Remember basic transistor physics? Let's see if you really do.
I've often railed on these pages about how the de-emphasis of basic engineering fundamentals such as physics, including semiconductor physics, has damaged undergraduate EE students. This quiz is to show you that, if you had the benefit of such courses, you were paying attention, and learned more as you progressed in your career, if that path included circuit design.
Most of the questions shouldn't require any calculation other than mental arithmetic to come up with the correct answer in a matter of seconds.
If you never got to design any real-world transistor circuits, it's likely that you will have some difficulty. Remember, all answers only need to be within "engineering accuracy," that is, within 1% or so. I've used this as my favorite interview question for many years for anyone claiming extensive bipolar junction transistor (BJT) circuit design experience. I've also turned the tables, and (at the end of the interview) asked the person interviewing me these same questions. Hint: The Diode Equation is the key!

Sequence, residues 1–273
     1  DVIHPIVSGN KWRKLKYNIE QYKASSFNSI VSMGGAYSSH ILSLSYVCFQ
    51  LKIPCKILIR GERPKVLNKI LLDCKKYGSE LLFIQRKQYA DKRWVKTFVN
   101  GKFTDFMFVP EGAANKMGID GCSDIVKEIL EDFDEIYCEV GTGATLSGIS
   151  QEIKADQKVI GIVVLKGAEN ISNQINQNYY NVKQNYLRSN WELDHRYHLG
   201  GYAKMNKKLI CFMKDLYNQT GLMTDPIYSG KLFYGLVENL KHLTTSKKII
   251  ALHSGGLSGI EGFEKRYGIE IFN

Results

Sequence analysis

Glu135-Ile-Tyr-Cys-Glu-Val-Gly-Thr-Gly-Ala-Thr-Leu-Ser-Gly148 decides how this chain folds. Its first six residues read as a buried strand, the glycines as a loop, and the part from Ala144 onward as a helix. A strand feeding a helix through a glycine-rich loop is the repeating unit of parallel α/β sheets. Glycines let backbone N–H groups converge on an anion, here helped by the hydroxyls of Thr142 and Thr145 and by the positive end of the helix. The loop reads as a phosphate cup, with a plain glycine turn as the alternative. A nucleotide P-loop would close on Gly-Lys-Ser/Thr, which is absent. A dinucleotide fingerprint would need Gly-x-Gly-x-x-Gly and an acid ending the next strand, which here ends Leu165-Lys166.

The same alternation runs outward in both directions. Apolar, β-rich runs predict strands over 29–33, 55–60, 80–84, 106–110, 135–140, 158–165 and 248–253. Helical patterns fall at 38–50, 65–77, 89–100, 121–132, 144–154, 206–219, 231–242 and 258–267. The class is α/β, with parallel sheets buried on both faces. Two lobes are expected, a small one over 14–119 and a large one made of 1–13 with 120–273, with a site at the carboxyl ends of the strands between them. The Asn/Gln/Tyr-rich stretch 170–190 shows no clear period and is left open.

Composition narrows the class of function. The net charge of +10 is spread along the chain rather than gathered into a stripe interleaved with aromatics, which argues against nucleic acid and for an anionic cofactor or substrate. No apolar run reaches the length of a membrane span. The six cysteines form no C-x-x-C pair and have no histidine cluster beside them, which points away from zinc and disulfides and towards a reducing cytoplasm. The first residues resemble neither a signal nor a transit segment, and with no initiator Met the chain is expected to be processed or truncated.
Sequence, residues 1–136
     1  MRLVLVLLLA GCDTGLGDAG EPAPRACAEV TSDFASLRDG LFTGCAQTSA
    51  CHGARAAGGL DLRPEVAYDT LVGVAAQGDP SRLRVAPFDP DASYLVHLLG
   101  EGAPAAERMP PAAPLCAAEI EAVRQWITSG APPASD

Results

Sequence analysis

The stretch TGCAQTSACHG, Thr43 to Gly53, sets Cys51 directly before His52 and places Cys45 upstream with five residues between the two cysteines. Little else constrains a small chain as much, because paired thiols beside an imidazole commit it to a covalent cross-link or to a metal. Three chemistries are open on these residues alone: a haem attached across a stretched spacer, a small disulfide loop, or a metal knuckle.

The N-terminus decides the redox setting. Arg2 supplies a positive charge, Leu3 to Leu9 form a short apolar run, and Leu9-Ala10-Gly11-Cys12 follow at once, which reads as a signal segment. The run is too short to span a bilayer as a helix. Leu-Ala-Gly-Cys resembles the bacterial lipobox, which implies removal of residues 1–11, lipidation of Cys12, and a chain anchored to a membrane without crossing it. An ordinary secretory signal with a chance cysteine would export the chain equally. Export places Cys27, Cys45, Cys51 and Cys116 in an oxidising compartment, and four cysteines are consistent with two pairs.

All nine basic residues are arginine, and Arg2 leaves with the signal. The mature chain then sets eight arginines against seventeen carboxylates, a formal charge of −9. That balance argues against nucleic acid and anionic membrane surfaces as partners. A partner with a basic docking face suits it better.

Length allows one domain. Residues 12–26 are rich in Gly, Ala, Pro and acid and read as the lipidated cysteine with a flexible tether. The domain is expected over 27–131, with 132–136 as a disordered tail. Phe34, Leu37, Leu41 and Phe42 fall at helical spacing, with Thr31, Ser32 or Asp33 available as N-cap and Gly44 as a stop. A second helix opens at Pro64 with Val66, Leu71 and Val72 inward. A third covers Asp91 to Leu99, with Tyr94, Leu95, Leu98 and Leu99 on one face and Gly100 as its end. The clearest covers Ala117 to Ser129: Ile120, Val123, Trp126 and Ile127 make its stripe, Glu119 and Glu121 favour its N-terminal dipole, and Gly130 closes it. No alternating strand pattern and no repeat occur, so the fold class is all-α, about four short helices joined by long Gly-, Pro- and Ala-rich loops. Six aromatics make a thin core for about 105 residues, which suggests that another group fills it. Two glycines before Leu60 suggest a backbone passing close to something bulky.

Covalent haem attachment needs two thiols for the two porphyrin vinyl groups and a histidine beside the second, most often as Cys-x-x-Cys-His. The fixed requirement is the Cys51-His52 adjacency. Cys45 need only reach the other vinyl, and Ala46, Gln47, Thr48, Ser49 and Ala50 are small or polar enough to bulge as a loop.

All of the questions relate to the simple circuit in the schematic below. Assume no loading of the output and C1 is large (e.g., treat as an AC short circuit). Ambient temperature is 25°C. Q1 is a silicon BJT (2N3904). The schematic appears on all question pages so you won’t have to keep jumping back to see it. Answers appear on the last page.
1. The DC voltage at Vout is 11.0 VDC. What is the small-signal mid-band AC gain?
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